By Dr Irfan Zafar
July 18, 2011
Just a few days before the creation of Pakistan, while inaugurating the Constituent Assembly on August 11, 1947, Jinnah spoke of an inclusive and pluralist democracy promising equal rights for all citizens regardless of their religion, caste or creed
Most people seem to suffer from a preconceived, inherent repulsion to the idea of secularism, equating it with atheism, anarchy, anti-religious or, more importantly, anti-Islamic concept. What do we really mean by a ‘secular’ Pakistan? We mean a nation that neither supports nor opposes any religion, where all citizens, regardless of their faith, are respected and treated as equal. It defines a state in which the faith of citizens becomes irrelevant for the will of the majority reigns supreme. Pakistan was conceived as a country where every citizen will live in harmony while practising their individual faiths without interfering in the beliefs of others. Pakistan equally belongs to the Muslims, Christians, Sikhs, Hindus, atheists and all other minorities living in it. We are all Pakistanis first. Going by this definition, it is all the more clear that Islam carries within itself the inherent attributes of a secular code of conduct, forming the very foundation of the Islamic beliefs.
The inherent secular nature of Islam is evident from the following Quranic verses: “Had God willed, they had not been idolatrous. We have not set thee as a keeper over them, nor art thou responsible for them” (6:107) and “Do not revile those unto whom they pray beside God, lest they wrongfully revile God through ignorance” (6:108). Islam does not preach coercion of believers of other faiths as the Holy Quran says, “There is no compulsion in religion” (2:256) and “(So) for you is your religion and for me is my religion” (109:6). According to Abu Dawood 3:170, the Prophet (PBUH) said, “Beware! If anyone dared oppress a member of minority community or usurped his right or tortured him more than his endurance or took something away forcibly without his consent, I would fight (against such Muslims) on his behalf on the Day of Judgment.” At another point the Prophet (PBUH) said, “Whoever killed a member of a minority community, he would not smell the fragrance of paradise though fragrance of paradise would cover the distance of forty years (of travelling)” (Ibne Rushd, Badiya-tul-Mujtahid, 2:299).
The phrase ‘laa ilaaha illa Allah’ (there is no deity except God) is one of the major pillars of the Muslim faith. The phrase echoed in the slogan “Pakistan ka matlab kya : Laa ilaaha illa Allah” as the struggle for the creation of Pakistan was nearing its completion, despite the fact that most of the religious leaders and parties were against this idea and joined the chorus at a later stage when the creation of a separate homeland became inevitable.
What was the father of the nation fighting for? Just a few days before the creation of Pakistan, while inaugurating the Constituent Assembly on August 11, 1947, Jinnah spoke of an inclusive and pluralist democracy promising equal rights for all citizens regardless of their religion, caste or creed. His vision was very clear. A homeland was being created for a population, the majority of which was Muslim, but which ensured equal rights for all the people living under the same umbrella. He did not want Pakistan to be a theocracy, a form of government in which a state is understood as being governed a clergy or by officials who are regarded as divinely guided. During a broadcast talk to the people of the US on Pakistan (recorded February 1948), the Quaid said, “In any case Pakistan is not going to be a theocratic state to be ruled by priests with a divine mission. We have many non-Muslims — Hindus, Christians and Parsis — but they are all Pakistanis. They will enjoy the same rights and privileges as any other citizens and will play their rightful part in the affairs of Pakistan.” Ironically, Quaid’s vision was ignored and instead Objectives Resolution was adopted which simply negated what Jinnah had conceived.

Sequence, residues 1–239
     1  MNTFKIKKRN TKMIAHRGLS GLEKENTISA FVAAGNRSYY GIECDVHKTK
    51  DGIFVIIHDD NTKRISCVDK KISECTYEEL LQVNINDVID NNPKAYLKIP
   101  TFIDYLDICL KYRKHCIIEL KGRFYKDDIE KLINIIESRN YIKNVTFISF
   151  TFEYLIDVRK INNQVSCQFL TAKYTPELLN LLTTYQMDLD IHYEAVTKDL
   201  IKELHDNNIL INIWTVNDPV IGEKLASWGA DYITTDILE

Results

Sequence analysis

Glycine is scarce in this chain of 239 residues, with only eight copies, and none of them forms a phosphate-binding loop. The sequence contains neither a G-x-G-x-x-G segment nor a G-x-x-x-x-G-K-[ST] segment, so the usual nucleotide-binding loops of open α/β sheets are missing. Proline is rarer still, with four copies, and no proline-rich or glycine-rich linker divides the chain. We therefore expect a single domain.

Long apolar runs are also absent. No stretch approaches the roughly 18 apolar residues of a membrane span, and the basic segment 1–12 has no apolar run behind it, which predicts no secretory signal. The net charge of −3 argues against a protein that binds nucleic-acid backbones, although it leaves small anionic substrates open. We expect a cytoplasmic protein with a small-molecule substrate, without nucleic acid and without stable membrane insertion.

In addition, Pakistan’s name was changed to ‘Islamic Republic of Pakistan’. A new definition of who is a ‘Muslim’ was legislated and it was required that all citizens, while applying for a passport or a national ID card, must sign an oath in this regard. Religion is a personal matter of an individual and a matter between him and his Creator, but we have ordained it to the state. Not only that, we have given the state a religion of our own interpretation. A state cannot be categorised or labelled on the basis of religion. In Europe, there are 22 secular states followed by 20 in Africa, 17 in Asia, seven in North and South Americas and three in Oceania. Interestingly, the growth rates in the fields of science, technology, and literature, just to name a few areas, in developed secular countries are the highest in the world.
The Quaid’s vision of Pakistan was in line with the true spirit of Islamic injunctions. But both of these have been ignored in favour of religious orthodoxy that is pushing the nation towards complete disaster. Self-interested interpretations of religion have politicised religion and turned it into a salable commodity. The irony is that the majority is afraid to speak up against backward religious elements, who have done disservice to Islam by distorting its message and caused huge damage to the country in the name of religion.
The writer is a social activist. He can be reached at firstname.lastname@example.org
Source: The Daily Times, Lahore